Ireland’s real estate market recovery has attracted overseas banks, writes Daniel Cunningham.
Between 2008 and 2013, there was not much of an Irish commercial real estate finance market to speak of. The global financial crisis hit Irish real estate hard and many private investors who had snapped up the country’s property in highly leveraged deals hit the wall.
The domestic banks that had done much of the lending almost all retrenched, while foreign banks such as Lloyds shifted to shedding non-performing debt piles.
In 2011, a wave of opportunistic investment began, with US private equity firms swooping on distressed properties or pools of non-performing real estate loans.
Sellers including Ireland’s bad bank, the National Asset Management Agency (NAMA), gave investors a route into property through large-scale debt sales. As investors such as Lone Star and Kennedy Wilson ventured to Ireland, international lenders were enticed to finance their deals.
The market is very different in 2016. On the back of an impressive recovery in Irish real estate values, transitional owners of assets are gradually selling them to longer-term institutional investors.
Last May, German fund Union Investment beat the likes of Hines, JP Morgan and Irish Life to buy Facebook’s EMEA HQ in Dublin Docklands, sold by NAMA, for €230 million, more than €14 million above the asking price. The deal’s yield of just over 4 percent is the sort of level investors expect in London’s West End.
Last March, Lone Star sold four prime Dublin offices, acquired through non-performing loan deals, to US-based mortgage REIT Starwood Property Trust for around €350 million. Morgan Stanley financed the portfolio and nine additional Dublin assets with a €300 million loan, of which €150 million was syndicated to Allianz, in the German insurer’s debut Irish deal.
Last year’s stand-out deal was perhaps Morgan Stanley’s April underwriting of a €750 million whole loan to Green Property to refinance its 1.5 million sq ft Blanchardstown shopping centre on the edge of Dublin. The loan, comprising €587 million of senior and €163 million of mezzanine debt, is understood to have been syndicated to various parties including Irish banks.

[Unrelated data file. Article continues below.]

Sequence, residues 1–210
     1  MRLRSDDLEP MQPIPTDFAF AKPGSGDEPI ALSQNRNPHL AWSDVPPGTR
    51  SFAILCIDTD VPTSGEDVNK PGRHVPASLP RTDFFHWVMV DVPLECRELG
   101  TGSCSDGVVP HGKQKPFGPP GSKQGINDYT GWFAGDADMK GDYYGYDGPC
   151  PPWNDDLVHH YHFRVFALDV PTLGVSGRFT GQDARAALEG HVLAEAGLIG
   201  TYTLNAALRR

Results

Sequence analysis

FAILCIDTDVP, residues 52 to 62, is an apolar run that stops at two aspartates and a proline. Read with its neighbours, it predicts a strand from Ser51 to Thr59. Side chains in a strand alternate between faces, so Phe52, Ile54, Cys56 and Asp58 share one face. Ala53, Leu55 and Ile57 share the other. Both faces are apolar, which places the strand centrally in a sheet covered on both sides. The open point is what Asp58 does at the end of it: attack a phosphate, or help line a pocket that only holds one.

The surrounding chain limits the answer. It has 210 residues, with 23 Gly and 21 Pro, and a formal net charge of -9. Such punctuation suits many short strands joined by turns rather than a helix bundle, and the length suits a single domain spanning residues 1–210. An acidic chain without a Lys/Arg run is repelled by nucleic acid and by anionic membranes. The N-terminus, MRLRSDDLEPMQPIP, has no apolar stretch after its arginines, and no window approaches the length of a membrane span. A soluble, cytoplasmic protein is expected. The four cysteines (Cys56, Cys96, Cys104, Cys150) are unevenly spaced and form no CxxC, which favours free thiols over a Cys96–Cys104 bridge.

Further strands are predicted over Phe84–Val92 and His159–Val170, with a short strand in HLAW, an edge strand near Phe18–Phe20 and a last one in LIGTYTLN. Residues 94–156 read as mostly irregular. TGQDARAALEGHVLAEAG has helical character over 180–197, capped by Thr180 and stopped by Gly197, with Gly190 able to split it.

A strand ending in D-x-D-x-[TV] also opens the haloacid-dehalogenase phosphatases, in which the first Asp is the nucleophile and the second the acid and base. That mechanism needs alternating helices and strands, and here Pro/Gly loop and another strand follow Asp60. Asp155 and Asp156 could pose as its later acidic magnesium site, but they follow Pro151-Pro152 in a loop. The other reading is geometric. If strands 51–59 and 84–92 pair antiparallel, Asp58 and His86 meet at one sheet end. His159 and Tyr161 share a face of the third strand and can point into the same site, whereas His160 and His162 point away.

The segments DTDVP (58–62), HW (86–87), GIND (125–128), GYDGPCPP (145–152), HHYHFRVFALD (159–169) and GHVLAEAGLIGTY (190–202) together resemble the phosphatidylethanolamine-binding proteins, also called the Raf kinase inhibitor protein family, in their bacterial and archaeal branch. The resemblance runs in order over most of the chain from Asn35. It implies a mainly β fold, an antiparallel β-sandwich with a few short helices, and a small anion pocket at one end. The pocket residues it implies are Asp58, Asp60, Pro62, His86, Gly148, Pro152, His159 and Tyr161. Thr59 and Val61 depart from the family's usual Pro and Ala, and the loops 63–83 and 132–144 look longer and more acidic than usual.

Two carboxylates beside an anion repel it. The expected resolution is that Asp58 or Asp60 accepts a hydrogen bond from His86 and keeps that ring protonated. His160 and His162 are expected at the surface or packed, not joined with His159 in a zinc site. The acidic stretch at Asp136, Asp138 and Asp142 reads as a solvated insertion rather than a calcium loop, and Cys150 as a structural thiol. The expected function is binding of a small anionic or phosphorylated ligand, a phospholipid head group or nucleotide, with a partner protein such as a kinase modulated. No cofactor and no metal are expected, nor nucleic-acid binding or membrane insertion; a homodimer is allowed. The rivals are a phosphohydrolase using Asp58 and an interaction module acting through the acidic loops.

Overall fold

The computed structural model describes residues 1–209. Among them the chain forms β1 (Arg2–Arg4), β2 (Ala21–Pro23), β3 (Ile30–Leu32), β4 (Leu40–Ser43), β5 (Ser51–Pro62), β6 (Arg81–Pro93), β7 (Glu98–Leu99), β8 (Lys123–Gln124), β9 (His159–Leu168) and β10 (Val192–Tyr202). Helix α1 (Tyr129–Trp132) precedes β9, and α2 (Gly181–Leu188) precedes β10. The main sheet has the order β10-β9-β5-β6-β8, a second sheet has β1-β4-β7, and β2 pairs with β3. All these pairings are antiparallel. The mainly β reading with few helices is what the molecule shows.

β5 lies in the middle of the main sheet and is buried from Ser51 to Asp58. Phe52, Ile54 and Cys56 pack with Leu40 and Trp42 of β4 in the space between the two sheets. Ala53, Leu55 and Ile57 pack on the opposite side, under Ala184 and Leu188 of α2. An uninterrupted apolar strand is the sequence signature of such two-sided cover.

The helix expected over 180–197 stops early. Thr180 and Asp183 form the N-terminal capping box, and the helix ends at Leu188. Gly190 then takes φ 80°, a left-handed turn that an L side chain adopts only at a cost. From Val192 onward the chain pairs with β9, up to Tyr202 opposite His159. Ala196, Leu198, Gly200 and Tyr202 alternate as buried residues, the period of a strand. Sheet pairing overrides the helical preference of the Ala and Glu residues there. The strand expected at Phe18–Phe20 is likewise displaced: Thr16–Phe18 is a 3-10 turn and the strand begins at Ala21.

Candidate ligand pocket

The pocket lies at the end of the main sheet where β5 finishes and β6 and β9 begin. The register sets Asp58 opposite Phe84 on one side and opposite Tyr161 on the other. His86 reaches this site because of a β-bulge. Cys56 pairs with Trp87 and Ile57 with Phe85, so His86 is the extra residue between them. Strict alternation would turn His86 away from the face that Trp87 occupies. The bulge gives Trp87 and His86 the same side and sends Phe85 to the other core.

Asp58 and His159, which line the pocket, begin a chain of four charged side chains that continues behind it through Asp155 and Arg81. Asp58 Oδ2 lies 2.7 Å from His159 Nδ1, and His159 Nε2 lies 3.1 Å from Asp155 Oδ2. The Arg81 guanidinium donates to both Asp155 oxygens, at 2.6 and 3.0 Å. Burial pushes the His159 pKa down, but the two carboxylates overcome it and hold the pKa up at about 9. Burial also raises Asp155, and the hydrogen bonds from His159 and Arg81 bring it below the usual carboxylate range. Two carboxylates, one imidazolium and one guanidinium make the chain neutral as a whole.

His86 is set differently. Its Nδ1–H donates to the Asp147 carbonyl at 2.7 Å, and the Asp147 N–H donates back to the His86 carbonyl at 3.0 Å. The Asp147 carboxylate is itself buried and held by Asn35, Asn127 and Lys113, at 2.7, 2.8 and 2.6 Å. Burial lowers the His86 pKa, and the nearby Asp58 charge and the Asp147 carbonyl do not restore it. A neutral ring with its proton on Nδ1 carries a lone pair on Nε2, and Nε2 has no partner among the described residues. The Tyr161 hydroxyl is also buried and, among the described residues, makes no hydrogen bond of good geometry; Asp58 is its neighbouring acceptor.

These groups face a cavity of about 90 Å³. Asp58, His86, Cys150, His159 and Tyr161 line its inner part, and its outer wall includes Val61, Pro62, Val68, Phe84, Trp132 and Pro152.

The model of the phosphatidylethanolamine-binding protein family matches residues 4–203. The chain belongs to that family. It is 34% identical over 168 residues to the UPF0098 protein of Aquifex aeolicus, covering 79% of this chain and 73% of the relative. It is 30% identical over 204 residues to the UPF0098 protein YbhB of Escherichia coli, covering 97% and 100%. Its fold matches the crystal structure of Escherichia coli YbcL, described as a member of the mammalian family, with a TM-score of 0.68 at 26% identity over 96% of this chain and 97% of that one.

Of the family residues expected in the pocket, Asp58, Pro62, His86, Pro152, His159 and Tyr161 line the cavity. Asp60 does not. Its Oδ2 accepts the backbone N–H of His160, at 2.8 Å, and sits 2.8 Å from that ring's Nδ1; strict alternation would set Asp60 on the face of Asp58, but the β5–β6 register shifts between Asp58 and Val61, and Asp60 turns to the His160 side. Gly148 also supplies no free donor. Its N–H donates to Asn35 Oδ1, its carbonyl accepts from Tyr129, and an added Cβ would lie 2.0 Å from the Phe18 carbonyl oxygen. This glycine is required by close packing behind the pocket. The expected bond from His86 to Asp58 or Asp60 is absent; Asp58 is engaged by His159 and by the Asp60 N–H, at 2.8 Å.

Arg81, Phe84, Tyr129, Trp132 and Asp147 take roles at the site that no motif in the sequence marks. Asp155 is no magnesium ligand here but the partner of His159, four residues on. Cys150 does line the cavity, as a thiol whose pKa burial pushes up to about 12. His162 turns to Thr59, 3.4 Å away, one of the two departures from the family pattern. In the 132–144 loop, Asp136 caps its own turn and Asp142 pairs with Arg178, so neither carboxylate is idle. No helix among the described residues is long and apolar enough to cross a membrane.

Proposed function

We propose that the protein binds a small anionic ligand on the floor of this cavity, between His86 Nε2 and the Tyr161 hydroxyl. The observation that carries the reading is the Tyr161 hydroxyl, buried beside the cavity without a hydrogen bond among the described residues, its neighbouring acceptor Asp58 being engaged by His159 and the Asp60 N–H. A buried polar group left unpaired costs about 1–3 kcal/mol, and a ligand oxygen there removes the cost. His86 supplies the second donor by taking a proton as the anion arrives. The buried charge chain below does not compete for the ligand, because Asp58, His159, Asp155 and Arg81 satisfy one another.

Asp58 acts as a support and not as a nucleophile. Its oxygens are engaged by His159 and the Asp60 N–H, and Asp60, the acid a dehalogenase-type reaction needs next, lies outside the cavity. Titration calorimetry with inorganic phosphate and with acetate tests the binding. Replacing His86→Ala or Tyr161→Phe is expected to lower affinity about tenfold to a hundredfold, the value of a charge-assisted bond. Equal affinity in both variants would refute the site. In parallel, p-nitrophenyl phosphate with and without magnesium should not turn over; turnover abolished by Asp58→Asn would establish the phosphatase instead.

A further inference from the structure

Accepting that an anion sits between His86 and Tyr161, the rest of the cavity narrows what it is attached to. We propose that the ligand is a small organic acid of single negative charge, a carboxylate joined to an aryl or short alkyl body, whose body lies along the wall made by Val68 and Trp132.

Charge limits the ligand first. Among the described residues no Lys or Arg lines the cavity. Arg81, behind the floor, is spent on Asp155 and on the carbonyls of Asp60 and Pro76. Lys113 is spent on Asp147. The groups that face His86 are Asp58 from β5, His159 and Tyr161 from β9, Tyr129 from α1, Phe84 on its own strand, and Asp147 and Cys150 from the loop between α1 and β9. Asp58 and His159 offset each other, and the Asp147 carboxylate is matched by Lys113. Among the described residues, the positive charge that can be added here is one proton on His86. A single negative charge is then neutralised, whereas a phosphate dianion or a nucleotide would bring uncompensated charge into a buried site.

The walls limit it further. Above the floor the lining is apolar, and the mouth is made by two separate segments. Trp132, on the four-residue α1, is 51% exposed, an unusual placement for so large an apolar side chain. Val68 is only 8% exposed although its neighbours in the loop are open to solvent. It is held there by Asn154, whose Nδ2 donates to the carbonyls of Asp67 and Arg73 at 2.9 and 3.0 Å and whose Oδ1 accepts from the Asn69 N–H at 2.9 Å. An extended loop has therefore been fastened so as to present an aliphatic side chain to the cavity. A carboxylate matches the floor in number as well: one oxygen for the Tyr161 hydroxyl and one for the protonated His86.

It looks like 2015 was the year that a functioning Irish real estate debt market returned, served by a raft of international lenders this time. Last March even saw Ireland’s first post-crisis CMBS, when Deutsche Bank securitised multi-family housing loans to sponsors including Kennedy Wilson, in the €175 million Deco Harp.
Investment banks including Goldman Sachs and Deutsche Bank, and insurers such as MetLife, have been active in Ireland, while European lenders such as DekaBank and Deutsche Hypo are also in the market, helped by the fact that they lend in Euros.
Of the domestic banks, Bank of Ireland continued to lend through the lean years, while AIB and Ulster Bank, Royal Bank of Scotland’s Irish arm, have dipped their toes back into the water.
“The profile of lenders in Ireland has become far more diverse in the past 18 months,” says Andy Tallon, a director in CBRE’s debt advisory team. “For UK-based lenders looking for business outside London, Dublin can make more sense than regional UK cities like Manchester or Birmingham. Lenders can often benefit from better spreads than in the UK.”
While senior loan-to-value ratios are similar to those in the UK, at around 60-65 percent, Irish margins command a premium. Prime Dublin property tends to be financed at margins of around 200 basis points, although lower margins have been reported. With prime UK margins creeping up from the low 100bps, the premium is narrowing.
“Investment finance is still pretty cheap,” says John Moran, managing director of JLL Ireland. “The all-in cost of finance including the margin can be less than 3 percent.”
Wells Fargo is one of the foreign banks doing business in Ireland. Among its four deals last year was a €73 million loan to finance Blackstone’s Atrium buildings in Dublin’s south suburbs.
Max Sinclair, head of the bank’s UK commercial real estate division, says Wells Fargo lends to a mixture of private equity clients and institutional investors, including domestic REITs, with a greater Dublin focus.“Currency aside, we don’t see Ireland as a fundamentally different market to the UK for lending in,” says Sinclair. “The clients are familiar, language is the same, the legal system is very similar and there is a similar level of market transparency as the UK.”